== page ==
Japan Shuns Hollywood in Favor of Home-Grown HeroesBy and
Record-breaking animated movie beats Disney at the box office
Domestic movies extend decade-old dominance over Hollywood
Move over, Hollywood -- Japanese moviegoers are shopping local these days.
While Walt Disney Co. claimed all five of the highest-grossing movies worldwide in 2016, the top spot in the world’s fourth-largest box office was a body-swapping, gender-bending animated coming-of-age story, beating out “Captain America: Civil War” and “Rogue One: A Star Wars Story,” the two best performers globally.
“Your Name,” a story about two star-crossed high-schoolers who switch bodies when they dream, hit theaters last summer as an unheralded feature from a director who had never before made a blockbuster. And although it didn’t feature at the Academy Awards on Sunday -- where Disney’s dominance extended to the Oscar for best animated movie with “Zootopia” -- it has become a phenomenon in Japan.
It’s the second-highest grossing Japanese movie ever, with 24.2 billion yen ($214 million) at the domestic box office, the most any Japanese movie has made in more than 15 years. Director Makoto Shinkai has been hailed as a genius and the natural successor to Studio Ghibli’s Hayao Miyazaki, creator of the Oscar-winning “Spirited Away.”
But the success of “Your Name” is just part of a larger trend. Over the past decade, as American studios have focused on the booming box office in China, Hollywood’s share of the Japanese market has plummeted. Last year, domestic films earned 149 billion yen, or 63 percent of total box office sales -- in 2002, home-grown movies earned just 27 percent. Toho Co., which produced “Your Name” as well as monster revival “Shin Godzilla,” the second-highest grossing movie released in 2016, is forecasting record profits.
The two movies share one thing in common -- they’re relentlessly, unapologetically Japanese. “Your Name” is at times a love letter to Tokyo’s cityscapes, with key plot points revolving around regional Japanese traditions. “Shin Godzilla” has more fast-talking scenes riffing on Japan’s post-Fukushima politics than it does building-stomping monsters.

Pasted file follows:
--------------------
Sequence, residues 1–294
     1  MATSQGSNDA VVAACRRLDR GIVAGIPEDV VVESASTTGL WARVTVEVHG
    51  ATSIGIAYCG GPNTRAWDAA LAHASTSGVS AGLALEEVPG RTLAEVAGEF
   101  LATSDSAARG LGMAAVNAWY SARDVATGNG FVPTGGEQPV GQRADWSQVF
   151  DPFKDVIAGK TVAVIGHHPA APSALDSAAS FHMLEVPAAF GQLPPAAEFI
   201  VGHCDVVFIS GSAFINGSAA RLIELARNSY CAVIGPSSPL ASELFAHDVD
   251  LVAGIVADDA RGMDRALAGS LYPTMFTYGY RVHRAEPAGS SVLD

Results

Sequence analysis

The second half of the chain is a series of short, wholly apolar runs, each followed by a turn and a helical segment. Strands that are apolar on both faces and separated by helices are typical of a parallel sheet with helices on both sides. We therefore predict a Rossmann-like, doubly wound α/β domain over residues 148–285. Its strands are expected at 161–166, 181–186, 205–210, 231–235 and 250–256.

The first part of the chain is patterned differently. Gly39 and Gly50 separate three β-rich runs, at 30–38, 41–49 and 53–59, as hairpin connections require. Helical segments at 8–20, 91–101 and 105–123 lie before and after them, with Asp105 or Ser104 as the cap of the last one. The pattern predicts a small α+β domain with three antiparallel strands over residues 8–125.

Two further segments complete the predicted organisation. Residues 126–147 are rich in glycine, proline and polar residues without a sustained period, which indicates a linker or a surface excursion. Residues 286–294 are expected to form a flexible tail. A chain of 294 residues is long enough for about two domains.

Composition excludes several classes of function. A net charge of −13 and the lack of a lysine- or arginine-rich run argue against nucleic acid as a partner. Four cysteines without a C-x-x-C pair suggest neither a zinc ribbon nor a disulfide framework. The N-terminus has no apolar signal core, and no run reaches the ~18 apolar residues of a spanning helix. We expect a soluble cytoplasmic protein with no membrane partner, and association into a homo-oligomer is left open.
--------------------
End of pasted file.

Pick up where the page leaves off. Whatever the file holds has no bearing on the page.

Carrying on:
“We weren’t thinking ‘this will sell in Japan’ or ‘this will do well abroad’,” says Tomoko Hazuma, a Toho producer for “Your Name.” “We just let the director, Shinkai, make what he wanted to make.”
Hazuma says she was unsure if “Your Name” could surpass the success of the highly anticipated “Shin Godzilla,” which was released a few weeks prior. She attributes the movie’s box-office success to its cross-generational appeal.
Japan was once so enamored of Hollywood that its stars famously made millions on the side advertising cigarettes, alcohol and other products in Japanese-only commercials.
But as budgets have skyrocketed, Hollywood has focused on China, casting Chinese actors in movies such as “Independence Day: Resurgence” and wooing the local market with China-set offerings such as 2014’s “Transformers: Age of Extinction” (a franchise originally based on Japanese toys).
Japanese audiences have been turning away. While “Age of Extinction” was a smash hit in China, it took 30 percent less at the Japanese box office than the previous entry in the series.
“The Chinese market is already three times the size of Japan’s,” says Akitomo Kishimoto, an analyst at Okasan Securities Group Inc. “Instead of competing with Japanese movies that spend a lot on marketing, it’s better for Hollywood to focus on the growing Chinese market.”